First, while a knowledge worker’s role can certainly be a predictor of an email message’s content, our research has shown us the limits of this approach. We have assessed role-based approaches at client organizations by analyzing actual email accounts sampled from a range of user roles. We have then estimated the percentage of email content that would require retention under the client’s own retention rules. Across a range of users we have found as little as 5% and as much as 95% record content. There is certainly some correlation between the percentage of record content and the role of the user, but it is not always categorical. For example, some users are mostly information processors, and thus may have an extremely high percentage of email records in their inboxes.
Consider for example, a claims processor who receives a partially completed claims form attached to an email message, opens that form and completes it using information they possess, and than sends the completed form to an employee who represents the next link in the processing chain. This scenario is very common, even in large organizations. Assuming that these completed claim forms are records, and that they are not otherwise captured in a content management system, this user’s email account is quite important from a records management perspective.
However, a Capstone system based solely on seniority (i.e., “officials at or near the top of an agency,” as described in the Bulletin) may miss this important account and result in such records disappearing as “temporary” records. Conversely, senior officials may have a relatively low percentage of record content in their email system when they use other systems to communicate their decisions, document those decisions formally, or otherwise use other official or formal systems to complete their work. Capture and permanent retention of their entire account then, would result in retention of largely trivial content.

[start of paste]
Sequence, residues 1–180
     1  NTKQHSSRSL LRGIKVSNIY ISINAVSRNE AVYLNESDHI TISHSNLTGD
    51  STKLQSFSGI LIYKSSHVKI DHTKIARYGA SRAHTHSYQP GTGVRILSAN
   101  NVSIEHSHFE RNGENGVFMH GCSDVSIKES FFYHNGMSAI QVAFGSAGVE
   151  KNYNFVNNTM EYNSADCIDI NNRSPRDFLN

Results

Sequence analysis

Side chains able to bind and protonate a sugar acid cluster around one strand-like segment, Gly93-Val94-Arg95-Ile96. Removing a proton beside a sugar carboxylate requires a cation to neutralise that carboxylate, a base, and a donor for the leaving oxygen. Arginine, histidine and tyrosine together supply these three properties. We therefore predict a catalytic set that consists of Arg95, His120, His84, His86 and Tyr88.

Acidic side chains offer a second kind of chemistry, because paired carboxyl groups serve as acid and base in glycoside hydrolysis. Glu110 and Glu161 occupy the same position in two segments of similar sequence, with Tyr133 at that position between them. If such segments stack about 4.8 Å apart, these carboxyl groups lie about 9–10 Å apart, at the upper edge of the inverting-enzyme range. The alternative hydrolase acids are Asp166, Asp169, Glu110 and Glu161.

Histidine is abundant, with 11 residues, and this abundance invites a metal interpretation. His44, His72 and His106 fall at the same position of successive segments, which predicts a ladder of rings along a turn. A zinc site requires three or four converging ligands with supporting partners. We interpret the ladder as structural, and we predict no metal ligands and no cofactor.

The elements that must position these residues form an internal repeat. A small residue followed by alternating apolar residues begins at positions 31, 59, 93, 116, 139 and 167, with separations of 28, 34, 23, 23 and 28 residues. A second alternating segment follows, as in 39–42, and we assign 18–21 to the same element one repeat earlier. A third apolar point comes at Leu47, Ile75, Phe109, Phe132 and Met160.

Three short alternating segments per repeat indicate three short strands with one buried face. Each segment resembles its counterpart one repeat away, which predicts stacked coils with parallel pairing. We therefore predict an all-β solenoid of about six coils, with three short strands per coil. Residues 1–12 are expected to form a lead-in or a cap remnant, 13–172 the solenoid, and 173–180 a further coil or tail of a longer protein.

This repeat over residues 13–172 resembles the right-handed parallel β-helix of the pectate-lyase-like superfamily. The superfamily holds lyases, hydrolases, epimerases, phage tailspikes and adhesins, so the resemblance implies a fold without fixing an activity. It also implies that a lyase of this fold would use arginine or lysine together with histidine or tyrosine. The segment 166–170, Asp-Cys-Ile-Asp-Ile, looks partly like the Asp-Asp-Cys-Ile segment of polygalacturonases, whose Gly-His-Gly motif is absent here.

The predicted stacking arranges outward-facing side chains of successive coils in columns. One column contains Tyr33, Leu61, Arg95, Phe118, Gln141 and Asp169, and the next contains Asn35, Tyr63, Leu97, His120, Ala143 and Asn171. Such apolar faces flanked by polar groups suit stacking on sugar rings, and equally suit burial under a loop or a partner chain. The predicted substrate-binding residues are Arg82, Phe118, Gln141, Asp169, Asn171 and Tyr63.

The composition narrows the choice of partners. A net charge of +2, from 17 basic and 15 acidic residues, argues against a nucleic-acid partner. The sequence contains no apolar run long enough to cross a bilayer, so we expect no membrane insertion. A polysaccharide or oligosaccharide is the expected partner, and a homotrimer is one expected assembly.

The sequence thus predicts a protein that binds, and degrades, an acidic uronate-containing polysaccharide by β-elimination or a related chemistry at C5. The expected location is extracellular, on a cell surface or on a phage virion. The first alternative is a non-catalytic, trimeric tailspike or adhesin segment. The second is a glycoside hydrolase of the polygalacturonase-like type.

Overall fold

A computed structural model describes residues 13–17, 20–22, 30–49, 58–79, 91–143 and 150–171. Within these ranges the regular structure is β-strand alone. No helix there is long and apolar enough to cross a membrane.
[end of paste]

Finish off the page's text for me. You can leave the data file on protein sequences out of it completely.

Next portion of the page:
These issues can in part be addressed by careful examination of the way email is used by each agency and its users, as mentioned in the Bulletin.
Second, I wonder if NARA is turning away from a content-based approach to record identification and retention too soon – in fact, act just at the time in history when technology to enable semi-automated, content-based approaches is becoming widely available. Our clients are currently evaluating and implementing technology from OpenText and Recommind (there are other providers in the market as well) that marries human and machine intelligence to remove the classification burden from the user. Such systems are by no means trivial to implement and configure, but I believe that they point the way forward for email records management. The effectiveness of automated statistical methods for content classification has been demonstrated effectively in the intensely observed world of US civil litigation; a demonstration that I believe provides a foundation for it application to the records management problem.
Further, while the Capstone method would seem – as noted in your Memo – to foster compliance with the “OMB/NARA M-12-18 Managing Government Records Directive” requirement to “manage both permanent and temporary email records in an accessible electronic format,” I wonder to what extent it addresses the spirit of Section A3 of the Directive to “investigate and stimulate applied research in automated technology to reduce the burden of records management responsibilities?”
Once again, thank-you for the opportunity to provide feedback on this important Bulletin, and I am confident that NARA will continue to provide leadership as federal agencies continue this critical transition.